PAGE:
The “bootstraps” approach

That’s a lot of background, but it’s important—and not just because it’s my city and I find it interesting and you should too. It’s important because this history of culpable maltreatment by public and private authorities immediately throws into doubt the individualistic “bootstraps” mentality toward the poor that undergirds the popular sentiment. The facts themselves are the most compelling argument that poverty cannot be reduced to a failure of individual effort or virtue. For social and economic structural deficiencies that span generations only structural fixes can possibly be effective.

This isn’t to say that some individuals can’t make it. Hard work is a necessary condition to successfully grapple one’s way out of poverty—and this should not be downplayed—but it is rarely a sufficient condition. Good opportunities; good transportation; good family; good communities; good fortune—some or all of these are almost always essential parts of climbing the socioeconomic ladder.

More than being unrealistic, the exclusive focus on “hard work” is damaging to the poor. If poverty is just a function of effort and virtue, we can dismiss the long-term poor as lazy and profligate. And while vice surely finds a home in poor neighborhoods, it would be nice if these same moralists accentuated the peculiar and pernicious vices of the rich with as much eagerness.

Now, there’s a more humane version of the “bootstraps” approach. Rather than focusing on the supposed deficiencies of the poor, Christian libertarians focus on their peculiar opportunity to develop in virtue through the process of economic self-improvement. These Christians readily admit that poverty can be incredibly difficult and damaging, but they see governmental intervention of any kind not only as having deleterious economic side effects, but as stultifying the moral maturation that is both necessary for and produced by financial success.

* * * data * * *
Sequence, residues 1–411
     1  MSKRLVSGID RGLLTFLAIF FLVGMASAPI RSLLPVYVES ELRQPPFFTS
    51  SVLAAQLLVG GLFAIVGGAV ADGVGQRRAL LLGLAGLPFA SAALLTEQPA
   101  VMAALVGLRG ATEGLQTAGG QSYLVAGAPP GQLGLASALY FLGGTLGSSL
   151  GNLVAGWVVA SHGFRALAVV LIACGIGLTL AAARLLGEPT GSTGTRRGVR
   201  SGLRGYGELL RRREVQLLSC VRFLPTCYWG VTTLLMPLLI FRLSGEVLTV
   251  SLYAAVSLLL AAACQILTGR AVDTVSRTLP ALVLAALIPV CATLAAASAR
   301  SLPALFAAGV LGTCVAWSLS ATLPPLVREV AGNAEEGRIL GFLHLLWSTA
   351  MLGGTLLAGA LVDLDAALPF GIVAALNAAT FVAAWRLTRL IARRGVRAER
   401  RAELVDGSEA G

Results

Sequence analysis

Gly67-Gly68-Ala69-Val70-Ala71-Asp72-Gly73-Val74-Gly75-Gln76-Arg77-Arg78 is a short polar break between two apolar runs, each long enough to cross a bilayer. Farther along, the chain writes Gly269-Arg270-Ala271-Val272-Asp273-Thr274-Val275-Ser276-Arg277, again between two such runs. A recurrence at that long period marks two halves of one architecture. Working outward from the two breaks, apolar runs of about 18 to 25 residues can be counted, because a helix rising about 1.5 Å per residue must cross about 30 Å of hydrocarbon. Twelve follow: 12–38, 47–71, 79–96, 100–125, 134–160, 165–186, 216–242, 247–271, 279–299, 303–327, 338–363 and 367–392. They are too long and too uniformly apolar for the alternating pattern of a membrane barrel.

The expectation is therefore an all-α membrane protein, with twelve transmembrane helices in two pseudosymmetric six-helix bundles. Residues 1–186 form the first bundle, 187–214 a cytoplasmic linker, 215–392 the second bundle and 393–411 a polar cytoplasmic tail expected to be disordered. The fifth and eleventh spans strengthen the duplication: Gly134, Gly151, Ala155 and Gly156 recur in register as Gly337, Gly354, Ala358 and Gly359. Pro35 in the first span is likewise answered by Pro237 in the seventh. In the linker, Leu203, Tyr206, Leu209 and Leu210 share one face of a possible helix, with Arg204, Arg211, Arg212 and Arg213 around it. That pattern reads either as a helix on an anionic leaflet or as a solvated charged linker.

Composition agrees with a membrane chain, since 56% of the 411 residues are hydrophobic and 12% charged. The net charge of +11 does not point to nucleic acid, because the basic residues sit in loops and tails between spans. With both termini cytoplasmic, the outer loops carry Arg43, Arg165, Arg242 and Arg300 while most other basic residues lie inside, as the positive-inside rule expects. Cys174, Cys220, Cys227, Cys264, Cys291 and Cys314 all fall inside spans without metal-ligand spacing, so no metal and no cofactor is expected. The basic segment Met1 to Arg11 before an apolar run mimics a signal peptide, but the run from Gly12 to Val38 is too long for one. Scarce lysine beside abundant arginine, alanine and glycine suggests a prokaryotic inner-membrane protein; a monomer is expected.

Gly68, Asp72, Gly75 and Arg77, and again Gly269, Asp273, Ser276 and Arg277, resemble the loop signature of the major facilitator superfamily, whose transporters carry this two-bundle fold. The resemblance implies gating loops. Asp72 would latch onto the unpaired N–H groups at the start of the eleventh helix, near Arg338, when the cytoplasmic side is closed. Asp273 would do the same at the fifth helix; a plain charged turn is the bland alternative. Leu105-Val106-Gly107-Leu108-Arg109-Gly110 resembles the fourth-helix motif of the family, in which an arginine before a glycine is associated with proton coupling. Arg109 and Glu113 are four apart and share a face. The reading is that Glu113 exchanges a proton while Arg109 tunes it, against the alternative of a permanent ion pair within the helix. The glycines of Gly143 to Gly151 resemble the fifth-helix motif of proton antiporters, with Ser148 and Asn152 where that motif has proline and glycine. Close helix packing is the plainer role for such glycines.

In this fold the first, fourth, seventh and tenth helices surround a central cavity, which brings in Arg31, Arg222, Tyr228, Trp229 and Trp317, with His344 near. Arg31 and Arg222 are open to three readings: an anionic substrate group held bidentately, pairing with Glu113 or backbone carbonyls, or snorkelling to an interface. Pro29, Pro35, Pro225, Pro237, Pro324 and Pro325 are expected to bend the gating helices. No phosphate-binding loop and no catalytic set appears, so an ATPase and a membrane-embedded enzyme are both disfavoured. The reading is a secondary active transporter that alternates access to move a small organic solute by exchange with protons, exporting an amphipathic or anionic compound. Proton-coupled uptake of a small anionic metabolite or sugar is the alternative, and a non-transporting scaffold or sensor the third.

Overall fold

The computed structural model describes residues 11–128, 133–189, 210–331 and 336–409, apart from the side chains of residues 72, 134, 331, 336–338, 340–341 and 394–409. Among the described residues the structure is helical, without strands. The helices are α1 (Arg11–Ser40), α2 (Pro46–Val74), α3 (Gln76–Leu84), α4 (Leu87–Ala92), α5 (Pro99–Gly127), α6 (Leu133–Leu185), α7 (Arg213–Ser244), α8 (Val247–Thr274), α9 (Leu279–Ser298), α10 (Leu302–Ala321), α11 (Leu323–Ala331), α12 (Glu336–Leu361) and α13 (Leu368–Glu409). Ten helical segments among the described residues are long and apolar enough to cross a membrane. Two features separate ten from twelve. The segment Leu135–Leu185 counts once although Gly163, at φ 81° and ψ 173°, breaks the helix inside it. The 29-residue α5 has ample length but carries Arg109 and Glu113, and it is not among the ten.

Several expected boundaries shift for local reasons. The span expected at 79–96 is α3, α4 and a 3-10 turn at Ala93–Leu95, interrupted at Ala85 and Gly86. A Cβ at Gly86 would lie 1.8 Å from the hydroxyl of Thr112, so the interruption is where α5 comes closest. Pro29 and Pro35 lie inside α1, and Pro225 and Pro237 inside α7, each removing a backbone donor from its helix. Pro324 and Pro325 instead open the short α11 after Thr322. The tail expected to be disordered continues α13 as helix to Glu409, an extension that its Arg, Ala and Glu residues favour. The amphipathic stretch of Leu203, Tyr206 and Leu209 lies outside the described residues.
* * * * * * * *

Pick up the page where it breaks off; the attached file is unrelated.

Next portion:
But this rosy picture is just that: a pastel veneer that obscures not just the physical but the spiritual costs of poverty. It ignores the ends Christianity has for people, ends that inhumane social and economic conditions can frustrate. The nearly maniacal dedication to wage labor that is needed to overcome structures of poverty is inconsistent with humane living and corrosive to family life, and therefore to the kind of holy and virtuous life to which God calls us. The “virtues” rewarded and instilled by the market are hardly the same as, and are sometimes inconsistent with, authentic Christian virtue. You can be a very good worker and a bad human being.

It should go without saying that to raise a family in decent conditions, either as a full family unit or especially as a single mother, with the opportunities available to those in poor neighborhoods requires multiple insecure jobs and extreme, unpredictable hours. It should also go without saying that these conditions are damaging to family life—both to the personal and financial confidence to form a family, and to the ability to provide an honorable life for a growing family.

Market above family and faith

Just as surely as government assistance can place the state above the family in order of loyalty and importance, the world of the Christian libertarian places the market above the family. In order not to starve, a mother or a father or both must sacrifice important parts of family life—quality time, basic education, the domestic church—on the altar of the market as the only way to survive.

These are not luxuries, but necessities for the family to do what it is designed to do, and what only it can do. Families are the cross-generational sinews of the Faith; whatever harms family formation and cohesion harms the Faith; whatever personal benefits in fortitude and perseverance accrue to the dedicated laborer they do not and cannot outweigh this damage.